All power in heaven and earth centers in the person of Jesus. Everything that man needs in this world and in the world to come is found in Him. Without Him no man can hope to succeed, but with Him failure is impossible. No human mind has ever been able to comprehend the height, the depth, the length, and the breadth of the eternal realities that reside in Jesus, for He contains all the fullness of the Godhead bodily. (Col. 2:9.)
It is clear that in order for Jesus to be so mighty, He must be more than a mere man. Many centuries before He came, it was foretold of Him in Isaiah 9:6: "Unto us a Child is born, unto us a Son is given: and the government shall be upon His shoulder: and His name shall be called Wonderful, Counselor, The Mighty God, The Everlasting Father, The Prince of Peace."
Isaiah, looking down over more than seven centuries of time, saw the Prince of Peace born into this world. Speaking under the inspiration of the Spirit, the prophet boldly affirms that this child who was to be born is "The Mighty God." No one could possibly fulfill the predictions made in this prophecy unless he was born as a child and at the same time was the Mighty God.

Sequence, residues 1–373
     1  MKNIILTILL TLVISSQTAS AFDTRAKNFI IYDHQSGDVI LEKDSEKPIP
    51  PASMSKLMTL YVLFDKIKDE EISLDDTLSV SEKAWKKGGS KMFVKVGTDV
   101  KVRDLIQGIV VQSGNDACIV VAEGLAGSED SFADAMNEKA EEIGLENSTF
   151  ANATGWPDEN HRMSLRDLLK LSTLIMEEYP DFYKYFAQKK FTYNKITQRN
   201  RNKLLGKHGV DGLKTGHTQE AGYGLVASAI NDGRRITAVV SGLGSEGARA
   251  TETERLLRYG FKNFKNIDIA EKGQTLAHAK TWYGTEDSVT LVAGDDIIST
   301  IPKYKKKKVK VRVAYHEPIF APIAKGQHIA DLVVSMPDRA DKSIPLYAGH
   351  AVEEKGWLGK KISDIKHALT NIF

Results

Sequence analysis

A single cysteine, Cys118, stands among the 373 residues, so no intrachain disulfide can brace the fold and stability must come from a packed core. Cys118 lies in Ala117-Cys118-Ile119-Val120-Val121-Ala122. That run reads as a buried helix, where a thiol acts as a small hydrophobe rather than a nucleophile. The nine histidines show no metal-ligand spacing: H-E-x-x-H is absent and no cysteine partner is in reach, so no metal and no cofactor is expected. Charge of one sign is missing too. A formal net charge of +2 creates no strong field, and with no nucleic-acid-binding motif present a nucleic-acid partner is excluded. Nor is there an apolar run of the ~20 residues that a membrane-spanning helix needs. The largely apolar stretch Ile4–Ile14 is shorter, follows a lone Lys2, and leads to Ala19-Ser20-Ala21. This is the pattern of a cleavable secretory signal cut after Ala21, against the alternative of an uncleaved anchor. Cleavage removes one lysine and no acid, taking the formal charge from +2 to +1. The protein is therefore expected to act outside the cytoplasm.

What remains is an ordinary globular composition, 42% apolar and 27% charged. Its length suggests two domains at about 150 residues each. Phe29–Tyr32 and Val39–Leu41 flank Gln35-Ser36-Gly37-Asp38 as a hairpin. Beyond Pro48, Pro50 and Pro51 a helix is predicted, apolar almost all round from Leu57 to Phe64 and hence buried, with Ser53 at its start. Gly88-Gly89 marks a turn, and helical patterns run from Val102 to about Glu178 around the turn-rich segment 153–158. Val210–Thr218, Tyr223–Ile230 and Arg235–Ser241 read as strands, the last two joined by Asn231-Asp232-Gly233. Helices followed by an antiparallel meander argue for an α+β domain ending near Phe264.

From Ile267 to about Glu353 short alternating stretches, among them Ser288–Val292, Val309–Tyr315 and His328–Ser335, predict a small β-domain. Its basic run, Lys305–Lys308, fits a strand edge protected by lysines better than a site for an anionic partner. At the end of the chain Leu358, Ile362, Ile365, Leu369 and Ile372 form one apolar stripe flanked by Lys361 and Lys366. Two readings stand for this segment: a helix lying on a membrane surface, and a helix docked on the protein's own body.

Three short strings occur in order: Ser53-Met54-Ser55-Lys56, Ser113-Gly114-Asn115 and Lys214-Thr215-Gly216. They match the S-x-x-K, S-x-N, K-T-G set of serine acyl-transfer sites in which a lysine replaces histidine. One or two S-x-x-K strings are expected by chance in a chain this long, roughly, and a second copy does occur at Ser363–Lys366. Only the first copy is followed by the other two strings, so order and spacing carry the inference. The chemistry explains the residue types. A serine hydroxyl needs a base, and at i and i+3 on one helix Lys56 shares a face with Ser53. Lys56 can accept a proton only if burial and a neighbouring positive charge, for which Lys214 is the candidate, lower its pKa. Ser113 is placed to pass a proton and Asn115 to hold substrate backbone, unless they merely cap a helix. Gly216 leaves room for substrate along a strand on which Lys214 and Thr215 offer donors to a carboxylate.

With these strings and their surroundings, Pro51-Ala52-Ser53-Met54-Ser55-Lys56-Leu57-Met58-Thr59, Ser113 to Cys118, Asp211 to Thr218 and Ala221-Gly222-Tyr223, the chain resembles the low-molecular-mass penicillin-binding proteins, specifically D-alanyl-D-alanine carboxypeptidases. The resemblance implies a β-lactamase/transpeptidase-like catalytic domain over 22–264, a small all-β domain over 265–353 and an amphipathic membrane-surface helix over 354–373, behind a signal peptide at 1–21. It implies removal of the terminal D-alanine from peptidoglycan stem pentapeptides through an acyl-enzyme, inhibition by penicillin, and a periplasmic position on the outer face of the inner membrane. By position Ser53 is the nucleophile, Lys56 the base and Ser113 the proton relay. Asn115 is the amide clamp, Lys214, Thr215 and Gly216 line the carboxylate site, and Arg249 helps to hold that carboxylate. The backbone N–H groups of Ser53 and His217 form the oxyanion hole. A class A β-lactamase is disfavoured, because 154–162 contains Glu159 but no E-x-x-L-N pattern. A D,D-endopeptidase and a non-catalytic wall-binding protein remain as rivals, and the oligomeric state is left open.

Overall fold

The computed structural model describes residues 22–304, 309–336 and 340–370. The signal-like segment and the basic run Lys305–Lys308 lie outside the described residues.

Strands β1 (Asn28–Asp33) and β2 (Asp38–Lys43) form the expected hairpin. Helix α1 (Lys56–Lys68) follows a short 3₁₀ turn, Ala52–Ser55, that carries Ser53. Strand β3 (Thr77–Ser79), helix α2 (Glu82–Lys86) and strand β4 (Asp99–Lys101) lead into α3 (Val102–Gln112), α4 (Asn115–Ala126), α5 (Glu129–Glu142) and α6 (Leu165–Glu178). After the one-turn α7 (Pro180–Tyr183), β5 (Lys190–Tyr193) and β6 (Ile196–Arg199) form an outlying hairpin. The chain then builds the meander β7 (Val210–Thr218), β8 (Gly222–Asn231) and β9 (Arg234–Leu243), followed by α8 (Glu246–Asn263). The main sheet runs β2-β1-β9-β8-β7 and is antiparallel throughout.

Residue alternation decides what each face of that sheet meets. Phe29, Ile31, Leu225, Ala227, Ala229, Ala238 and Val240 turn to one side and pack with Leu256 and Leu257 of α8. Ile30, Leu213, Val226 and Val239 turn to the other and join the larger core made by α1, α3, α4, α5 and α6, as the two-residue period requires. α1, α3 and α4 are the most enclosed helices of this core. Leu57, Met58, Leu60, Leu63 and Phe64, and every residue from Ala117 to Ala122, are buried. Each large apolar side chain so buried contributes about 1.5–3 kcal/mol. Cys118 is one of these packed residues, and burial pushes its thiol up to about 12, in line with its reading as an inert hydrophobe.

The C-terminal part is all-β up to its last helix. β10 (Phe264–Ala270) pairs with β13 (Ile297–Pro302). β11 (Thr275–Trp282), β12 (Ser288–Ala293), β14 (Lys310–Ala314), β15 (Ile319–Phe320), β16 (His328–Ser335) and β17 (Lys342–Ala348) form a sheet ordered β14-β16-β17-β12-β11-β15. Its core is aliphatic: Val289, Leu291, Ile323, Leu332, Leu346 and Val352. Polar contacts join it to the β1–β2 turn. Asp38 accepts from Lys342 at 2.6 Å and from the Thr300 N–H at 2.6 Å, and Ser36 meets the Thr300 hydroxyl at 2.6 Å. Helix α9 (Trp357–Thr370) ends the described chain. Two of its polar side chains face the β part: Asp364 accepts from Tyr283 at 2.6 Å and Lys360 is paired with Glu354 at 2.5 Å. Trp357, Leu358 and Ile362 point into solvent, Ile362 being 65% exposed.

There are very few in the present generation who refuse to believe that Christ was a real historical character--that He was born into the world and lived His life among men. There are a considerable number of people, however, who will not admit that Jesus Christ is God. The testimony of Bible prophecy to the Deity of Jesus Christ is conclusive, but we shall present other proof to substantiate the fact that Jesus Christ is actually God.